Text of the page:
HUME Colville is only a couple of months shy of his 80th birthday, but the inventor and restorer is already searching for a new project.
"Yeah, why not?" he responds, when asked whether he would ever tackle a 12-tonne engine restoration again.
"I am well enough, and I am not the type of bloke who sits around wasting his time."
Indeed. When Hume is not restoring major irrigation systems or busking with his handsaw in town, he is inventing contraptions and farm devices.
But by far his most challenging and significant project recently has been the six-year restoration of the Hornsby suction gas-powered engine.
Good friend Lindsay Schultz rustled up money from government grants and donations to fund the project, while Hume put in the six years of hard labour.
The pair have most recently had the considerable pleasure of firing up the historic engine at the Benjeroop Public Hall, in the state's north.
According to Lindsay, the engine's installation marks a considerable step forward in the development of the irrigation museum.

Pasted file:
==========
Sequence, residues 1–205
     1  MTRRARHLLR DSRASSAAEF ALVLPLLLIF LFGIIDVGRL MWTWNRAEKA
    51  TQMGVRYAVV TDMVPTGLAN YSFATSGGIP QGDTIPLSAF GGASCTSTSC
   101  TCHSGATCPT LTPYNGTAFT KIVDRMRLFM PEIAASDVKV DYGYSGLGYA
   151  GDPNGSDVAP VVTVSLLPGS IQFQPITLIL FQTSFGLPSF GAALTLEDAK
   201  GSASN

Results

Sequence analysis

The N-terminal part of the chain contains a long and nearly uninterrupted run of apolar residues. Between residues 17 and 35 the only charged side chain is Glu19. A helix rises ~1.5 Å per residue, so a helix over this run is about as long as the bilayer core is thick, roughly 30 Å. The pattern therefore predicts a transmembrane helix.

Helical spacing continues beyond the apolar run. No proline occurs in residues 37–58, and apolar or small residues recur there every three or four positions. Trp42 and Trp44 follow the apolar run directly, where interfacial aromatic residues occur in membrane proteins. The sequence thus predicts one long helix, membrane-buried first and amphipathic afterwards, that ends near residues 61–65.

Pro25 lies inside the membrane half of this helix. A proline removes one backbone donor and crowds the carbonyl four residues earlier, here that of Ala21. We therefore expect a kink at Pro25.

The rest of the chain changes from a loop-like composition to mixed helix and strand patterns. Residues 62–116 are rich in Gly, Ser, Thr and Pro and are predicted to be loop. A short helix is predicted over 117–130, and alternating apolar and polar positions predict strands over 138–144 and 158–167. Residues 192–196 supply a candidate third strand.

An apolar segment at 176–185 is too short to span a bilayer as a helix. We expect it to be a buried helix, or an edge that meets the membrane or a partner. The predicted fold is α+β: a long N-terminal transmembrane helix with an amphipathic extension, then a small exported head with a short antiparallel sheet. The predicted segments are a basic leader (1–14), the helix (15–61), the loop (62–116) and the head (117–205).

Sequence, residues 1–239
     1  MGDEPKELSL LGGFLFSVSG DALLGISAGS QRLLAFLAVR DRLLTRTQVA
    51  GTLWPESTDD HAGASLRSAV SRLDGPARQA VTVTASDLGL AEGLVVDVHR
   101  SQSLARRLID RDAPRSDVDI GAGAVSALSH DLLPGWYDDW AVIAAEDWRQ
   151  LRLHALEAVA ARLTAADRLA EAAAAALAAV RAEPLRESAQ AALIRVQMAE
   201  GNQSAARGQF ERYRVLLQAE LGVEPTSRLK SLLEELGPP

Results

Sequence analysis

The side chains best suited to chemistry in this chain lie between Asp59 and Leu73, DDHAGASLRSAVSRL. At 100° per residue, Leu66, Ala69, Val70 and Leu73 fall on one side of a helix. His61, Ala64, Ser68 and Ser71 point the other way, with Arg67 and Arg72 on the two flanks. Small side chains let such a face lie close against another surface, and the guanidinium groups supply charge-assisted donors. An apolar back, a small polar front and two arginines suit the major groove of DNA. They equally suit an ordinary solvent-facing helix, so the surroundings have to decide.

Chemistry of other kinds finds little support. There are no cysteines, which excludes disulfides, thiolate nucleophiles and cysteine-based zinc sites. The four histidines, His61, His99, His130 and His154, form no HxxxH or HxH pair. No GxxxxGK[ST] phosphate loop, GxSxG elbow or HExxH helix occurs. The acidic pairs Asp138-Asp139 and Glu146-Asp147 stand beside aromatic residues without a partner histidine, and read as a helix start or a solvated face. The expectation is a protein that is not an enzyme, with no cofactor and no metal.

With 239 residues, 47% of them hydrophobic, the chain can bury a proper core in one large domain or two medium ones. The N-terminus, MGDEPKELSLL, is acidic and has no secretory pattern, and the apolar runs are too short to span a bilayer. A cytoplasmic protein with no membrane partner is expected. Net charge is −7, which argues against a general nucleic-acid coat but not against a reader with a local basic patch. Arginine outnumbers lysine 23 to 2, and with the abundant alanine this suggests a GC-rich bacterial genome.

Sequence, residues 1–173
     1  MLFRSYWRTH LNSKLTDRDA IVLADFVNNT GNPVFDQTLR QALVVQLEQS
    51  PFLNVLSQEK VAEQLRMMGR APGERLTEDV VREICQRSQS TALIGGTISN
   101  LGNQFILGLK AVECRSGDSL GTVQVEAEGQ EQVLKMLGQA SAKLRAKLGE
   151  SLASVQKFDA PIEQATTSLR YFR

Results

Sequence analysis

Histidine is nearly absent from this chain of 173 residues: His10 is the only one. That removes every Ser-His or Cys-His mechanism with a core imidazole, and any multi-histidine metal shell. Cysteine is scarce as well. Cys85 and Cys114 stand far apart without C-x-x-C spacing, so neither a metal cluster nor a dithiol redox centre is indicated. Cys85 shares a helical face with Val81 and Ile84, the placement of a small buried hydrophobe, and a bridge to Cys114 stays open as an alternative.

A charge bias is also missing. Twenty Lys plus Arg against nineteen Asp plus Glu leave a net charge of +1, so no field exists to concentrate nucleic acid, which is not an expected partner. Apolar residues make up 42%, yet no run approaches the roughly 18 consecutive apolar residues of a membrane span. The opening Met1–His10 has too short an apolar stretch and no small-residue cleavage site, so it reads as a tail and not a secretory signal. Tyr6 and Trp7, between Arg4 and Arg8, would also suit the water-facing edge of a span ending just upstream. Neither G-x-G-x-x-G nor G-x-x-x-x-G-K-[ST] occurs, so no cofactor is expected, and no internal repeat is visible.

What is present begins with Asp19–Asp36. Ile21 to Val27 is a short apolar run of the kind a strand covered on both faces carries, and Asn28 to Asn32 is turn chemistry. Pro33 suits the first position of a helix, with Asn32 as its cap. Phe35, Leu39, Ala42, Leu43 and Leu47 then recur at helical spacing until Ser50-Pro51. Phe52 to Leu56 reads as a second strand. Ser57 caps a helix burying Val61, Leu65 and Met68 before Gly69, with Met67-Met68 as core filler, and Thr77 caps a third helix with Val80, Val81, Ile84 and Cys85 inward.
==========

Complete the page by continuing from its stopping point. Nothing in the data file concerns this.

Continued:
"We would love to get our hands on more irrigation pieces if anyone wants to donate some," Lindsay says.
"We are hoping to build this into a decent-sized museum."
The engine's completion is even more poignant because its installation at the hall was delayed by a number of months owing to the floods.
"Hume had finished the engine by the beginning of the year, but the floods really set us back," says Lindsay. "We were originally hoping to be in by March."
It is not difficult to see why, despite the setback, the community was determined to see the Hornsby engine preserved for posterity.
It was shipped out from Britain in 1912, and was used as one of the earliest irrigation systems on the NSW side of the river at Benjeroop.
It burned red gum, which produced coal, and the engine ran off the gas produced by the coal.
"I remember playing on it as a kid," reflects Lindsay.
"It played a huge role in this area. It was used up until the late 1940s when one of the gas producers blew up, and then it was left on one of the local family's properties where it sat until Hume restored it."
Today marks the 100th year of the arrival of the engine from Britain, and locals are invited to help celebrate the centenary with the "opening of the engine" at the Benjeroop Public Hall at 2pm.
Those who can't make it can check out the engine, which is surrounded by a glass wall and includes its own water well, this weekend. Lindsay credits Hume's extraordinary skill in bringing the engine back to life.
"I had total faith in Hume, he is just a magician," Lindsay says.
"I was just the mouthpiece for this project, but he made it happen."